Arthur Miller’s NO VILLAN extends West End run at the Trafalgar Studios
Following the critically acclaimed, sell-out world premiere at The Old Red Lion in 2015, Arthur Miller’s first ever play, No Villain, will play for an extra two weeks, due to huge demand for tickets, when transfers to the West End on 14 June. It will play at Trafalgar Studios 2 until 23 July, with a press night on 20 June. Directed by Sean Turner, with design by Max Dorey, lighting design by Jack Weir and sound design by Richard Melkonian, the previously announced cast will include David Bromley as ‘Abe Simon’, Nesba Crenshaw as ‘Esther Simon’, Kenneth Jay as ‘Grandpa Barnett’, Stephen Omer as ‘Roth/Dawson/Man’, and George Turvey as ‘Ben Simon’. Alex Forsyth will join the company as ‘Arnie’ and Michael Lyle will join as ‘Frank’. Helen Coles will return to the company as ‘Maxine’.
Over six days during spring break 1936 at the University of Michigan, a twenty year old college sophomore wrote his first play, No Villain. His aim was to win the prestigious Avery Hopwood award and, more importantly, the $250 prize he needed in order to return to college the following year. Miller won the award, and the subsequent one, but the play was never produced.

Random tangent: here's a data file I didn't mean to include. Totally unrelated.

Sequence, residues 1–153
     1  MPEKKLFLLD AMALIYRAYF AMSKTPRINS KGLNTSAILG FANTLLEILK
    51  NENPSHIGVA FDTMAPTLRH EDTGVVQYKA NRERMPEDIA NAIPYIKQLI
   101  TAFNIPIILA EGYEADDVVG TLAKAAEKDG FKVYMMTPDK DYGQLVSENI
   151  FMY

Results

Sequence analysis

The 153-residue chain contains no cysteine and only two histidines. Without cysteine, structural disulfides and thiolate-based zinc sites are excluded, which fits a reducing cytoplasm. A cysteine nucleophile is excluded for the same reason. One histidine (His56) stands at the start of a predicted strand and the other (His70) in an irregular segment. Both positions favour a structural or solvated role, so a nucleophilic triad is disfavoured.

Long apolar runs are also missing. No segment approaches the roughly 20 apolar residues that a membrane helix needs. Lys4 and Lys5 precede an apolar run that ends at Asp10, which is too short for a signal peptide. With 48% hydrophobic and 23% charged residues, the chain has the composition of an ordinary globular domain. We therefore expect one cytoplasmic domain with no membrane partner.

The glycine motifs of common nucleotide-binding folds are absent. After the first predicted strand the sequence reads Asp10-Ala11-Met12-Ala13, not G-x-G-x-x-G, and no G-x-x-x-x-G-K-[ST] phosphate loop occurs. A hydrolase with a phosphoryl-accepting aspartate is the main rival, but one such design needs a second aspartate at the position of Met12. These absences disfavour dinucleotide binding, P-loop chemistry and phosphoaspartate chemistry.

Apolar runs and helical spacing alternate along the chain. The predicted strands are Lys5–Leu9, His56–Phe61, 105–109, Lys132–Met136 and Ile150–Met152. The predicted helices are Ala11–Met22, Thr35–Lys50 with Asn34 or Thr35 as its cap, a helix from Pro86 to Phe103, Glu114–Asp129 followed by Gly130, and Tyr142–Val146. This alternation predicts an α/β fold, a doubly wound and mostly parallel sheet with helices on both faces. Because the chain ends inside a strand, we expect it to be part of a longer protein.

My first attempt at a play, rather inevitably, had been about industrial action and a father and his two sons, the most autobiographical dramatic work I would ever write.
– Arthur Miller
No Villain tells the story of a garment industry strike that sets a son against his factory proprietor father. Here, Miller explores the Marxist theory that would see him hauled before the House Un-American Activities Committee years later.
This remarkable debut play gives us a tantalising glimpse of Miller’s early life, the seeding of his political values and the beginning of his extraordinary career.
Director Sean Turner said, “I am thrilled to be continuing my journey with this remarkable play in the West End, it’s been an absolute pleasure to make and see audiences respond to, I am delighted that many more will be able to discover Miller’s playwriting roots, the same way I did two years ago.”